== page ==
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Am J Public Health. 2018 Jul;108(7):951-956. doi: 10.2105/AJPH.2018.304414. Epub 2018 May 17.

State Indoor Tanning Laws and Prevalence of Indoor Tanning Among US High School Students, 2009-2015.

Author information

1
Jin Qin, Dawn M. Holman, Zahava Berkowitz, and Gery P. Guy Jr are with the Division of Cancer Prevention and Control, Centers for Disease Control and Prevention, Atlanta, GA. Sherry Everett Jones is with the Division of Adolescent and School Health, Centers for Disease Control and Prevention, Atlanta, GA.

Abstract

OBJECTIVES:

To examine the association between state indoor tanning laws and indoor tanning behavior using nationally representative samples of US high school students younger than 18 years.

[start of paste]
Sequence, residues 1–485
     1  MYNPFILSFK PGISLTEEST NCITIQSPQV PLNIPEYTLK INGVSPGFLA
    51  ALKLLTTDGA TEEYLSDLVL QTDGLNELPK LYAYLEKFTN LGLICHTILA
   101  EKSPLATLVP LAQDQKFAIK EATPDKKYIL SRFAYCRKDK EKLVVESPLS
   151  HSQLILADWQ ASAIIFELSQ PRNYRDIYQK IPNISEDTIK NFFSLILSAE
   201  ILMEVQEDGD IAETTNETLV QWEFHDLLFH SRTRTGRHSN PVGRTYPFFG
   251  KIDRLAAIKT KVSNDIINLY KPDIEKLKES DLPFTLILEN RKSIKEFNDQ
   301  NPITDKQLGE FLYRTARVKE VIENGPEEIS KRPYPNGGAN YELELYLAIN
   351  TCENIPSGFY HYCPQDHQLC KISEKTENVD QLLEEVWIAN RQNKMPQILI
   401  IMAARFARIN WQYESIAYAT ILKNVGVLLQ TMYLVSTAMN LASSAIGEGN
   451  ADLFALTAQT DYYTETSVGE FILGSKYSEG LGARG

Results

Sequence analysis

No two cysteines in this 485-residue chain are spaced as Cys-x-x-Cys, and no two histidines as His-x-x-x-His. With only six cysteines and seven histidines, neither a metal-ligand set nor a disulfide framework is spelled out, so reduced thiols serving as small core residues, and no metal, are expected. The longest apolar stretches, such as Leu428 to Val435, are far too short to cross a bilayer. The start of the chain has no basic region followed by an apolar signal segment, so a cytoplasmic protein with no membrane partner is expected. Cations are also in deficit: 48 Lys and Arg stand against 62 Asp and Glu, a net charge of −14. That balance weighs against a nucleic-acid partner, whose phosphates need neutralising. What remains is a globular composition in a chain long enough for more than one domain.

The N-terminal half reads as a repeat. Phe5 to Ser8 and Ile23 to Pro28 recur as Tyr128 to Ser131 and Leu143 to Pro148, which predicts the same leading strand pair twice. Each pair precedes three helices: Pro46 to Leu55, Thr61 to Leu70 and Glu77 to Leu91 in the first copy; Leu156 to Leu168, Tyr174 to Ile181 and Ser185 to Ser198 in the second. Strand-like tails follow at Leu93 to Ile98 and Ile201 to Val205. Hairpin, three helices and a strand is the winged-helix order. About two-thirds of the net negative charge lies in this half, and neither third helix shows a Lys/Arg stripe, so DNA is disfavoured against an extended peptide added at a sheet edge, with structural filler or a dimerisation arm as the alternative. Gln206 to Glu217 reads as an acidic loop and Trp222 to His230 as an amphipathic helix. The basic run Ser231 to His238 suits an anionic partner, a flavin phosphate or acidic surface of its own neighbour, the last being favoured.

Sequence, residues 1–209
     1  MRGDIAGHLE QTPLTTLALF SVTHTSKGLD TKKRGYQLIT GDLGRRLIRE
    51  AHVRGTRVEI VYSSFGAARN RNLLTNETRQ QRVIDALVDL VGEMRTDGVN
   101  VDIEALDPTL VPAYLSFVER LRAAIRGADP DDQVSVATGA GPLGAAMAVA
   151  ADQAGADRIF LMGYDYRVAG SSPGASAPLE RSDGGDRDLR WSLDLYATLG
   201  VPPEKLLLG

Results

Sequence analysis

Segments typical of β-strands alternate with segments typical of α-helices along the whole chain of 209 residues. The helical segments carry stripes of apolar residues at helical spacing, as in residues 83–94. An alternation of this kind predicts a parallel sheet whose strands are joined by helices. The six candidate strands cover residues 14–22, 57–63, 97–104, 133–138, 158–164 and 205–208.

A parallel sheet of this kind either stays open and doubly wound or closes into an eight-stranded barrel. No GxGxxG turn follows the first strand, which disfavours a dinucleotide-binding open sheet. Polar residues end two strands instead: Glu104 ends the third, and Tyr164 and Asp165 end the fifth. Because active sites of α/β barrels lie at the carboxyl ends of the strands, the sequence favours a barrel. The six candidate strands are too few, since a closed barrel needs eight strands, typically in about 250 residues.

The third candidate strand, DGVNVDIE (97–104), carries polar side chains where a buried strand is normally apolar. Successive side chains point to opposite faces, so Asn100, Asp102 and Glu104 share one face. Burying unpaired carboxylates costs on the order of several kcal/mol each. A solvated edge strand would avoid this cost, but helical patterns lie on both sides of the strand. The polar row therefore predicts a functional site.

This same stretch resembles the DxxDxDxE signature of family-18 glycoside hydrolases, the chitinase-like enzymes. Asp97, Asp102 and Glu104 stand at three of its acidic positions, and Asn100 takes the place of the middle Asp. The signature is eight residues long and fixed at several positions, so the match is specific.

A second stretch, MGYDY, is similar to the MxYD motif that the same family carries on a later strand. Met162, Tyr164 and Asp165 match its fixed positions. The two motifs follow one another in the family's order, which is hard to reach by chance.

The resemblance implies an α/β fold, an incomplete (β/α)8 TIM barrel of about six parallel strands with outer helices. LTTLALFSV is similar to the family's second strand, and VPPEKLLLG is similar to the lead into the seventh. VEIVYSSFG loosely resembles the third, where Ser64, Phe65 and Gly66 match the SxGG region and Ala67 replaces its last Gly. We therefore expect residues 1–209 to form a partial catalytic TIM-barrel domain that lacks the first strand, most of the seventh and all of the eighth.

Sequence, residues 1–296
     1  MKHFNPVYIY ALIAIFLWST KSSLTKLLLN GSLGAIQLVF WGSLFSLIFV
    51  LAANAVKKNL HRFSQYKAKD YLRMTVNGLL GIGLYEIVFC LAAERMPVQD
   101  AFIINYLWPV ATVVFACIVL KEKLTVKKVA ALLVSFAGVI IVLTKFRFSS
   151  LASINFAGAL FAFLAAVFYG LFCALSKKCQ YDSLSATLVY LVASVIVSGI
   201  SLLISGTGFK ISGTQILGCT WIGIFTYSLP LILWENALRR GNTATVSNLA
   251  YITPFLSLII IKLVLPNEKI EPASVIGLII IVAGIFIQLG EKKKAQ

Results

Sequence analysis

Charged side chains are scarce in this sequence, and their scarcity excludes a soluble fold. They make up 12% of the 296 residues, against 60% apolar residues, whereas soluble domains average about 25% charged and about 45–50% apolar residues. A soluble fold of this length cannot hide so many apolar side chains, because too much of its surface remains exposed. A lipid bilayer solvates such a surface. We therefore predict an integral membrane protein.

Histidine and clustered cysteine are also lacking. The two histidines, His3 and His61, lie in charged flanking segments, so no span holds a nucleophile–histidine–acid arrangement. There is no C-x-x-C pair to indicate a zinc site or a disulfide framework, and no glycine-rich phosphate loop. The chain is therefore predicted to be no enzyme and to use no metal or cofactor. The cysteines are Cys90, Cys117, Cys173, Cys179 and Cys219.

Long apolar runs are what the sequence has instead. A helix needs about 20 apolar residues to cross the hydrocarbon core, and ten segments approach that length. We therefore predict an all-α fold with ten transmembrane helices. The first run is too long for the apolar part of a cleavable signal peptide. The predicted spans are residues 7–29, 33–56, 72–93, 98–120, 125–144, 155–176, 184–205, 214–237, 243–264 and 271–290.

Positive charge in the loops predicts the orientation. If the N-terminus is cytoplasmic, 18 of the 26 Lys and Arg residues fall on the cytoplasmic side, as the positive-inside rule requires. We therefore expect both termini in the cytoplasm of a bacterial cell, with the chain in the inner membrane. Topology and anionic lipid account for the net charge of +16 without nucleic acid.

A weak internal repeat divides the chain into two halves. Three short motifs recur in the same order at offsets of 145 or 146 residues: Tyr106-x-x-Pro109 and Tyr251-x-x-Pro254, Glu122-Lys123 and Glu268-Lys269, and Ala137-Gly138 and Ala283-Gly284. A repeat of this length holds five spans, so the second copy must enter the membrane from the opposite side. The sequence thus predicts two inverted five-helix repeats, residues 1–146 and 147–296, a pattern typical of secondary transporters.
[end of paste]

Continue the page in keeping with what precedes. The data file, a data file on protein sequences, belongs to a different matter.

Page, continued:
METHODS:

We combined data from the 2009, 2011, 2013, and 2015 national Youth Risk Behavior Surveys (n = 41 313) to analyze the association between 2 types of state indoor tanning laws (age restriction and parental permission) and the prevalence of indoor tanning during the 12 months before the survey, adjusting for age, race/ethnicity, and survey year, and stratified by gender.

RESULTS:

Age restriction laws were associated with a 47% (P < .001) lower indoor tanning prevalence among female high school students. Parental permission laws were not found to be associated with indoor tanning prevalence among either female or male high school students.

CONCLUSIONS:

Age restriction laws could contribute to less indoor tanning, particularly among female high school students. Such reductions may reduce the health and economic burden of skin cancer.

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